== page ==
Libby Peake from the UK-based think tank Green Alliance told BBC News "that at last politicians are waking up to an issue that the public have recognized as a problem for a long time."
Right to Repair laws make a lot of sense for our wallets and the environment, but manufacturers are opposed to the legislation.
Tech giants, including Apple and Microsoft, do not like users fixing their own devices because it could be a security risk to the user, according to the Verge. It's also very likely that these companies want us to keep buying more stuff.
- John Deere Just Cost Farmers Their Right to Repair | WIRED ›
- Right to Repair - iFixit ›
- Stand Up For Your Right to Repair — The Repair Association ›
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‘Companies Should Not Be Allowed to Use Hazardous Ingredients in Products People Use’: Michelle Pfeiffer Speaks Up for Safer Cosmetics
The beauty products we put on our skin can have important consequences for our health. Just this March, the U.S. Food and Drug Administration (FDA) warned that some Claire's cosmetics had tested positive for asbestos. But the FDA could only issue a warning, not a recall, because current law does not empower the agency to do so.
Michelle Pfeiffer wants to change that.
The actress and Environmental Working Group (EWG) board member was spotted on Capitol Hill Thursday lobbying lawmakers on behalf of a bill that would increase oversight of the cosmetics industry, The Washington Post reported.
By Julia Conley
Scientists at the United Nations' intergovernmental body focusing on biodiversity sounded alarms earlier this month with its report on the looming potential extinction of one million species — but few heard their calls, according to a German newspaper report.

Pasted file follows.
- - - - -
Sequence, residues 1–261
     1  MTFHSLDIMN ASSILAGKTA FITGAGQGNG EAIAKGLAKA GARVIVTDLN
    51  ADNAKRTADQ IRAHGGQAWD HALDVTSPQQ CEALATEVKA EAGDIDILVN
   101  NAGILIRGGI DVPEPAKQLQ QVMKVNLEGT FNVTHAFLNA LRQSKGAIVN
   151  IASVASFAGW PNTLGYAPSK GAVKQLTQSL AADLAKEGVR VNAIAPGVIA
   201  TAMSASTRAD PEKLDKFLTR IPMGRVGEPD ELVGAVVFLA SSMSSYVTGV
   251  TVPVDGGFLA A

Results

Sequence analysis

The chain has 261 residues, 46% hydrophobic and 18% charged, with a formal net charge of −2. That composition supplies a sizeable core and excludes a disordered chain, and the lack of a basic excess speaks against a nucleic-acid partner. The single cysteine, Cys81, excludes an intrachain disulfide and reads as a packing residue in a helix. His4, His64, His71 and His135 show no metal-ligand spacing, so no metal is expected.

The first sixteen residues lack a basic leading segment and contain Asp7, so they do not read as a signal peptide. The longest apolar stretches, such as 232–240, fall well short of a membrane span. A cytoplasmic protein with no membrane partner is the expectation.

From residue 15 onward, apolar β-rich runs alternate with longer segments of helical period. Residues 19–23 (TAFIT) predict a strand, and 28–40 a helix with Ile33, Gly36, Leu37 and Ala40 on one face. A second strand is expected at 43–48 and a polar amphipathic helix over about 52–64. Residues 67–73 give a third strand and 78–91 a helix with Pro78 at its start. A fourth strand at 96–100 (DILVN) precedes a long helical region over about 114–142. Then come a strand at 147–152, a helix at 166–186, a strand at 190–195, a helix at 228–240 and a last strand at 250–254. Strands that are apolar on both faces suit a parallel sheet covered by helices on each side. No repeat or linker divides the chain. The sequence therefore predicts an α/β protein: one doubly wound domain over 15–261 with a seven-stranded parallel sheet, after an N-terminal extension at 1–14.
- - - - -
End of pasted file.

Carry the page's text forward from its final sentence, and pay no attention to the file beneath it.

The climate crisis is a major concern for American voters with nearly 40 percent reporting the issue will help determine how they cast their ballots in the upcoming 2020 presidential election, according to a report compiled by the Yale Program on Climate Change Communication.
Of more than 1,000 registered voters surveyed on global warming, climate and energy policies, as well as personal and collective action, 38 percent said that a candidate's position on climate change is "very important" when it comes to determining who will win their vote. Overall, democratic candidates are under more pressure to provide green solutions as part of their campaign promises with 64 percent of Democrat voters saying they prioritize the issue compared with just 34 percent of Independents and 12 percent of Republicans.
President Donald Trump has agreed to sign a $19.1 billion disaster relief bill that will help Americans still recovering from the flooding, hurricanes and wildfires that have devastated parts of the country in the past two years. Senate Republicans said they struck a deal with the president to approve the measure, despite the fact that it did not include the funding he wanted for the U.S.-Mexican border, CNN reported.
"The U.S. Senate has just approved a 19 Billion Dollar Disaster Relief Bill, with my total approval. Great!" the president tweeted Thursday.